Vintage Chicken Scratch Apron Pattern

In keeping with this week’s podcast on Apronology, I thought I’d share with you some of my collection of aprons. And a pattern for one of the simpler “Chicken Scratch” embroidery examples.

Chicken Scratch is a style of embroidery that uses the squares in gingham fabric along with both matching and contrasting colors of floss to create patterns that look complex. Most, however, are really pretty simple to work. Covering squares of one color or another create patterns in the gingham. Most chicken scratch patterns are made up of simple cross stitches, small “o” stitches, or “asterisk” double cross stitches. More complex designs add another thread that intertwines between these stitches. Let’s look at some examples:

I shared this one as part of that podcast episode:

I bought it at a local antique mall, because it was such a simple but effective embroidery pattern. It’s also a smaller scale gingham than a lot of other aprons I’ve seen. Here are some detail photos of the hem:

Made up entirely of simple cross stitches and half cross stitches that are only on the dark green blocks, it’s a nice, clear pattern.

The same pattern repeats on the waistband, just narrower. This would be a very simple pattern to reproduce:

I visited the antique mall again today, and found this one. It’s a little larger scale gingham.

This pattern is a little bit more complex, but still uses only white floss to pick out the pattern. The double crosses are over the dark lavender squares, and the diamonds surround the white squares.

One more from my own collection, is on a slightly larger gingham as well. But this one uses two colors of floss to really make use of the color manipulation for which Chicken Scratch is so famous.

The apron consists of two pieces – The waistband, and the apron body. The body was cut long enough to turn a very wide hem allowance up, so that it covers the back of the entire section of embroidery.

Also known as Broderie Suisse, Amish Lace, Depression Lace, and Snowflake Stitch, among other things. The technique has been popular in many different times and places. In fact, if you look around the net, you’ll find some of the most intricate patterns available in modern books are from Spain and Latin America. The stitch can be worked in 6-strand cotton embroidery floss (the number of strands used depends on the size of the squares on the gingham), cotton perle, or floche. Floche is a single stranded cotton embroidery thread that is softer than perle cotton, and is available from embroidery specialty shops or from lots of vendors on Etsy.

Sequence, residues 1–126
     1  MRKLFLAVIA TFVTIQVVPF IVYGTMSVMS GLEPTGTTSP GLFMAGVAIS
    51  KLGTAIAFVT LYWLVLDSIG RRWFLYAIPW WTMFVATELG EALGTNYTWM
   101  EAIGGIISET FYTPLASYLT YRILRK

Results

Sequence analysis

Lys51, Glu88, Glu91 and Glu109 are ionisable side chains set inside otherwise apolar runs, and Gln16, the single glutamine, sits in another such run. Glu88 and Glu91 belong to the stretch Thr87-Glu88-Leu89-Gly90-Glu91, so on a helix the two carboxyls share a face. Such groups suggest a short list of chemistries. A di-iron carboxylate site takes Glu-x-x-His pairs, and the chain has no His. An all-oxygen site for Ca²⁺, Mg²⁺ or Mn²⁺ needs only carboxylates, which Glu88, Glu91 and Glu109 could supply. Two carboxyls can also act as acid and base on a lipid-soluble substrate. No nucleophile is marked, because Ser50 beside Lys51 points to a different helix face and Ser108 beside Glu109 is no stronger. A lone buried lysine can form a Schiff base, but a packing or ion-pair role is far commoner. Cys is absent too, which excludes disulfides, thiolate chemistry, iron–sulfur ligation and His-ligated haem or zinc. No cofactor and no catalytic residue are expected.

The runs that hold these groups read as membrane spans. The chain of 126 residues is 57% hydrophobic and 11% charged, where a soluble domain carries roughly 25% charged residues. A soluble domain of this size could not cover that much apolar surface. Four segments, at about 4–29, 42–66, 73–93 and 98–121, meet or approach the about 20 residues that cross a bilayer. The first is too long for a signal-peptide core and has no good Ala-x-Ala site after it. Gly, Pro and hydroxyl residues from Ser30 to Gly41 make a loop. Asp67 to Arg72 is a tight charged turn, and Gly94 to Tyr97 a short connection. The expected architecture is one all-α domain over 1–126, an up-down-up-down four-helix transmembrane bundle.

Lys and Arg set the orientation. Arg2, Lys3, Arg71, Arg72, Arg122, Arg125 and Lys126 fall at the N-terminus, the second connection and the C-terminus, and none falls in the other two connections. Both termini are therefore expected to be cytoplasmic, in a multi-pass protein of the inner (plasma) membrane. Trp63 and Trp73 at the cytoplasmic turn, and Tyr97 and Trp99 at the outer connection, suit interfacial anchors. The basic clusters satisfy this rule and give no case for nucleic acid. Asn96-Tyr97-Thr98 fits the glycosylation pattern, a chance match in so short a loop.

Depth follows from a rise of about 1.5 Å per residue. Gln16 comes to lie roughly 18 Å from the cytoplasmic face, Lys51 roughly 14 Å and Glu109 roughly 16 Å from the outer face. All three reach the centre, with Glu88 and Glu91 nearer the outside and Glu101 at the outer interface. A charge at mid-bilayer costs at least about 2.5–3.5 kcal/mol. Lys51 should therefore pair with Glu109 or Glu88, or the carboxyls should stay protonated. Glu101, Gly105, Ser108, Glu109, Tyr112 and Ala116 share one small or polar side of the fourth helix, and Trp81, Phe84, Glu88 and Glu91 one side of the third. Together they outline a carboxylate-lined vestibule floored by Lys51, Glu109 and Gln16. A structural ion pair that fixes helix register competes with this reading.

I drew out this pattern so that you can make your very own Chicken Scratch apron. I did miss one small stitch at the bottom tips of the lower diamonds, but you should be able to work the pattern without too much trouble:

If you’d like to make your own apron, cut the body about 36″ wide. To find the length, measure yourself from your waist to your desired length. Then count 34 squares on your gingham, and measure that length. Add your desired length + measured embroidery pattern depth (34 squares) + 1/2″. That’s the length of your body piece. The waistband needs to be your waist measurement plus about 36″ to have room to tie. Cut the waistband 4″ wide.

Hem the sides of the body of the apron with a narrow hem. Then work the embroidery. To place it, find the center of the body, and mark it. Measure up from the bottom of the body fabric the measured embroidery pattern depth + 1/2″, and start the bottom of your embroidery pattern on this row. Once the embroidery is done, press the bottom edge of the fabric under 1/2″. Turn the hem up so that the bottom of the apron is now the bottom of your embroidery. Stitch the turned under edge to the apron using a tiny hem stitch.

Now make the waistband. Fold it in half lengthwise, wrong sides together, and press. Mark the center front of the waistband. Measure out in each direction 10″, and mark. Sew one waistband end with 1/2″ seam allowance, turn the corner, then sew along the length of the waistband, stopping at your mark. Repeat on the other side. Turn one side of the opening under 1/2″ and press. Clip the corners, turn the waistband rightside out and press.

You can either gather the body to fit the opening in the waistband, or you can take a few pleats on each side. The original has three pleats on each side. Pin the body to the free edge of the waistband right sides together and stitch, being careful to keep the folded edge of the opening in the waistband free. Tuck the raw edges inside the waistband, and whip the turned under edge to the back of the apron body with a tiny hem stitch.

One of my favorite sites for all things embroidery, including Chicken Scratch is Needle’n’Thread by Mary Corbet.

You’ll find lots of patterns on Pinterest, but you’ll have the best luck searching Chicken Scratch Embroidery or Broderie Suisse.

My favorite source of gingham fabric is Farmhouse Fabrics. They are the nicest folks, and carry lots of colors. Either 1/8″ or 1/4″ gingham is most conduscive to this kind of embroidery.

I hope you have fun with Chicken Scratch. If you make your own apron, post it to Instagram and tag me!

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